Unit Spotlight: 52nd Contracting Squadron

  • Published
  • By Senior Airman Gustavo Castillo
  • 52nd Fighter Wing Public Affairs
"The 52nd Contracting Squadron is an organization made up of not just military personnel, but also U.S. civilians and local national personnel, all working together to support or enable all the other unit's or agencies' missions," said Maj. David Zimmerman, 52nd CONS commander from Lincoln, Neb. "In any case, if they need supply service or construction, we are here to enable it through the contracting process."

The 52nd Fighter Wing needs supplies. Contractors can procure these supplies using tax payer money. They can also use those funds for services now that the Air Force downsized with current and future personnel cuts; the Air Force needs Airmen focused on mission.

The plans and programs, civil engineer operations and base support flights make up the 52nd CONS.

The plans and programs flight maintains all systems computer the squadron uses, as well as the government purchase card program.

Each squadron throughout the base has one or more card holders who use the program to procure supplies to complete and support the 52nd Fighter Wing mission.

The plans and programs flight also ensures policy and compliance. Here, contractors initiate self-assessments to review contracts during important parts of the process.

Quality assurance comprises a portion of the plans and programs flight as well. This program ensures contractors do not stray from specifications in service contracts, which keeps the 52nd FW safe from potential legality issues.

Service contracts make up about 70 percent of contract portfolio and must be monitored efficiently.

The civil engineer support flight deals with anything and everything related CE. The squadron supports the sustainment, restoration and modernization of facilities on Spangdahlem Air Base.

The base support provides the same support as the CE support flight, but for the rest of the base. For example, they can support the 52nd Medical Group, which is one of the larger customers and sometimes most complex. Requirements for nurses and medical clerks must be followed, and, in doing so, a large amount of contract reviewing is done.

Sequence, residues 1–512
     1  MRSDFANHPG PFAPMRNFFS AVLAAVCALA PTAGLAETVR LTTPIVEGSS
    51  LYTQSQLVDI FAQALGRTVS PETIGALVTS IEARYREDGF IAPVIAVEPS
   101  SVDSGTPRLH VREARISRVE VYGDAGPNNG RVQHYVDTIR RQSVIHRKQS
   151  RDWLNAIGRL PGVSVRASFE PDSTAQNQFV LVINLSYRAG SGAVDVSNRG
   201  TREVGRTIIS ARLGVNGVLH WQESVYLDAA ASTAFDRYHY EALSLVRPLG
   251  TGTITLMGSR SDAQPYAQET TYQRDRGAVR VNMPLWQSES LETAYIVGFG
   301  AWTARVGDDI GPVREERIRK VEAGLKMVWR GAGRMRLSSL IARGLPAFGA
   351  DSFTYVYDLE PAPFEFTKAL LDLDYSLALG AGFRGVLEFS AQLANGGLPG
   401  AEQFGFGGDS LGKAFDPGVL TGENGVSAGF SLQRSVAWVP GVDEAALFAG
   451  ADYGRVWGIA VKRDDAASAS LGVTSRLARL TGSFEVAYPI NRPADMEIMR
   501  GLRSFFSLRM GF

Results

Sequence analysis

Although the 52nd CONS works with just about every unit on base, they are the smallest squadron in the 52nd Fighter Wing. With 40 authorized positions, including six U.S. civilians, 16 military and 18 local nationals, they make sure every unit has what they need to support the mission.

In fiscal year 2013, the 52nd CONS oversaw 738 contract actions that added up to about $15.9 million.

Although the squadron is busy year-round, approximately 50-60 percent of the workload appears in the last four months of the fiscal year when U.S. Armed Forces Europe begins to distribute money, and squadrons make an abundance of purchases before the October 1 deadline.

According to Zimmerman, without the 52nd CONS, the government may not be getting the best value for the tax payer's dollar. A lot of administration and a lot of rules go in to contracts and their completion. The squadron constantly trains on how to get the best value for the taxpayers.

Employees must have a certain level of education to become a contractor. Civilians must have a bachelor or equivalent degree with 24 credit hours in business, and Airmen return back to technical school periodically to get certifications as they continue to work in the squadron.

"The tax payer has given us their trust in how that money is spent," Zimmerman said. "So we are very careful on how it is spent. Without us, there wouldn't be that oversight."